By Sanjay Khatnani, Managing Partner, J2 Solutions
In the fast paced world of IT, there appear to be roles and positions that are dictated by the development methodology du jour in a company, department or team. Traditional waterfall methodology will have a Project Manager. In Agile development environments, the Scrum Master is an important member of the team.
In the real world, the roles are not so easily described, and there is a false debate over whether you need a Scrum Master or a Project Manager. But before we get to that, let’s discuss something they have in common.
Both of these actors act upon projects, regardless of methodology.
Projects are like stories
A project is simply defined as a series of tasks that need to be accomplished to reach a specific goal. Regardless of the titles given to the various team members, a project is a project. It can be complicated or simple, but it is still a project.
Projects have beginnings, middles and ends, just like good stories. The beginning of a good project, like the beginning of a good story, will set the foundation for what is to come. Team members, like characters, need to be chosen for what they add to the plot development, or product development. A project plan will lay out what happens in what order, towards which goal, much like the way our story needs solid plot development.
Of course this all doesn’t happen at once. A good story is built chapter by chapter, moving the plot along its course according to the story arc set up in the beginning of the process. A good project plan similarly moves the development of the project along, building the essential foundations module by module, each adding to the structure of the final deliverable that will achieve the business goal.
Project Managers are like authors
A Project Manager takes charge, manages risk, and facilitates communication among teams and team members, all to ensure a cohesive final deliverable. He/she reports to management if there are issues or delays in moving forward. To continue our metaphor, the author takes charge of the characters and plot line, writes dialogue and builds toward the plot resolution to create a cohesive narrative. If there are delays, the author reports to the editor awaiting the draft.
A good author will make or break a story. And yes, a good Project Manager has a lot to do with whether or not a business project succeeds.
Just as writers find distinct writing methods better to spark their creativity and keep the flow of the story alive, companies have found various development methodologies that best move different sorts of projects to a successful end.
Scrum Masters are like editors
As mentioned at the beginning of this article, two of the major methodologies for IT projects are the traditional waterfall and Agile models. According to the Agile framework, a Scrum Master is required to keep the team and the rest of the company faithful to the Scrum. We can return to our metaphor and compare the Scrum Master to an editor, a valuable team member to the process of publishing a story, but not a replacement for the author. The editor will make changes to a draft to correct spelling and grammar mistakes. He/she will also make recommendations for moving the plot along, suggest when something is unnecessary and could be re-worked or deleted, and point out where a manuscript doesn’t explain what the reader needs to know.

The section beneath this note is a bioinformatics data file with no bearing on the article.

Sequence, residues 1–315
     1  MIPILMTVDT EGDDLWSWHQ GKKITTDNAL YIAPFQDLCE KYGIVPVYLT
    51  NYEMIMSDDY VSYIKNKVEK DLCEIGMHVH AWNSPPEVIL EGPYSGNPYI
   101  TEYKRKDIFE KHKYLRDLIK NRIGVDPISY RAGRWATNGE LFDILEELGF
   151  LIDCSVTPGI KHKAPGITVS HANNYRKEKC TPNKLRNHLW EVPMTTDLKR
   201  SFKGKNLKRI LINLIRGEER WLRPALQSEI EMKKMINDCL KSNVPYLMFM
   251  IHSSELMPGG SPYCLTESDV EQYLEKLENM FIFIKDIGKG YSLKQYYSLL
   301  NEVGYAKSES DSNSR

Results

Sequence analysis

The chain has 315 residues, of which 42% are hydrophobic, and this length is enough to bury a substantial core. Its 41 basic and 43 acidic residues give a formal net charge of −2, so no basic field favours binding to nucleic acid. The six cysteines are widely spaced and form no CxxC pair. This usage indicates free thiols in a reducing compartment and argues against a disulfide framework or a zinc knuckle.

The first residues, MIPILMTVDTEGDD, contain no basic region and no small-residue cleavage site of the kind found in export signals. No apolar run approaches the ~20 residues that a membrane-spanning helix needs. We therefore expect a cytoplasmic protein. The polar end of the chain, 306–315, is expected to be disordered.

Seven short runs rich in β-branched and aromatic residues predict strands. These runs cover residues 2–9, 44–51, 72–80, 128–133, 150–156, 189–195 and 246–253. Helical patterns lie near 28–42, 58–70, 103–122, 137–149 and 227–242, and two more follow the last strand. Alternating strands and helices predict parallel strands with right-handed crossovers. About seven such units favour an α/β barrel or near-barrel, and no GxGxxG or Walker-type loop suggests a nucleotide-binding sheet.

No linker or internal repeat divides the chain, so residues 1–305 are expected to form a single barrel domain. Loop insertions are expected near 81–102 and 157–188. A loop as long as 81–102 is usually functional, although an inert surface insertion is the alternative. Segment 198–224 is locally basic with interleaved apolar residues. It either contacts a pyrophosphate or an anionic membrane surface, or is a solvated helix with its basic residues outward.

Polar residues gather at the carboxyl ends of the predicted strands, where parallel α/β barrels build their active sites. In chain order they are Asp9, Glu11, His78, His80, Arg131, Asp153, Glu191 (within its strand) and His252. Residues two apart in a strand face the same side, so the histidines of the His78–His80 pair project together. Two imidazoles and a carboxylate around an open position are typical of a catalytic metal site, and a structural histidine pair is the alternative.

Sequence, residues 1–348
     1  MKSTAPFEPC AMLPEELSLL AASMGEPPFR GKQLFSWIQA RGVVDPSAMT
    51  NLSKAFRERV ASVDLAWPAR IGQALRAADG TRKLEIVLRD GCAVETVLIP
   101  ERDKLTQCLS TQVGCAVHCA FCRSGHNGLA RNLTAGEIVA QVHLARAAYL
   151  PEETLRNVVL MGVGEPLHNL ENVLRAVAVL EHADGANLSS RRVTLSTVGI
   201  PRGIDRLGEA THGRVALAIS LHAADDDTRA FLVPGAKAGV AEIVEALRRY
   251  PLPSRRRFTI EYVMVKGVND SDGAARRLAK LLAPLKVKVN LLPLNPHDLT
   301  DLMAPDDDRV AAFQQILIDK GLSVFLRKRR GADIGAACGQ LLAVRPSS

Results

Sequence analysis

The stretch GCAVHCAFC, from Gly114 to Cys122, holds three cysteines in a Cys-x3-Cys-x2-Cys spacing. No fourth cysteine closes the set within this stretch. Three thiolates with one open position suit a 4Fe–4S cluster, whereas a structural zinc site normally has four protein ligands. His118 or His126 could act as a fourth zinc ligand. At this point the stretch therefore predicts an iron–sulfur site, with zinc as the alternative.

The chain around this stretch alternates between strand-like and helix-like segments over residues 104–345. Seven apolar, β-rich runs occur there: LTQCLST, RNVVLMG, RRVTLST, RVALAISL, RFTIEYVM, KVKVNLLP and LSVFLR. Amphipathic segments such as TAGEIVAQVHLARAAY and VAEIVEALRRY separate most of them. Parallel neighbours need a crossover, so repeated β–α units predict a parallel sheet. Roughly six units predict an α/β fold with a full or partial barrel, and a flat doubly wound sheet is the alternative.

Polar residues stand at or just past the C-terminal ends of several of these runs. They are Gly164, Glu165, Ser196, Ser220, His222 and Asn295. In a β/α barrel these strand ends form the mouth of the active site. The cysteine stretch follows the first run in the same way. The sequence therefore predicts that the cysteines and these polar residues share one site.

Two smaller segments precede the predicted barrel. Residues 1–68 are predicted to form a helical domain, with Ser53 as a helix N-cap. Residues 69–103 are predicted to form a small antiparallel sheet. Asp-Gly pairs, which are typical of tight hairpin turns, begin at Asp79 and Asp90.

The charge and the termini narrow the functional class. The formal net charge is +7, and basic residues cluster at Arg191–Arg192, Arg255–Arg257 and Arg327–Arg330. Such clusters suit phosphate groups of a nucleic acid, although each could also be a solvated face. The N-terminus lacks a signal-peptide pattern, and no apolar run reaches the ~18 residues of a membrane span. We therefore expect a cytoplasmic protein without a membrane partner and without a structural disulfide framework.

Our Scrum Master performs a similar role, keeping team members focused on the sprint in progress, reminding them to be faithful to the Scrum and attempting to keep outside issues from impeding their work. The Scrum Master coaches the team, much like the editor coaches the writer.
So what about the false debate?
The debate about whether a project needs a Project Manager or a Scrum Master is not a useful deliberation for moving projects forward. There is no either/or when it comes to Project Manager and Scrum Master.
In most settings you can task a member of the team who has a solid understanding of the methodology to oversee the framework in which the team is producing their output. In general, proficient professionals shouldn’t need someone to coach them daily about how to best accomplish their goals. The team can select one of their own to facilitate stand up meetings and other scrum rituals, without a dedicated person for the role.
A project needs a Project Manager. A Scrum Master won’t be handling risk management or resource allocation or discussions of larger business goals with the management of the company. The Project Manager does all of these things. A good Project Manager will also provide direction for the team and control project scope.
Keeping the difference in responsibilities in mind, there simply is no debate. Decide whether or not to have a dedicated Scrum Master, but have a good Project Manager to get your project to the finish line on time and within budget.
Share your thoughts in the comments, looking forward to continuing the discussion.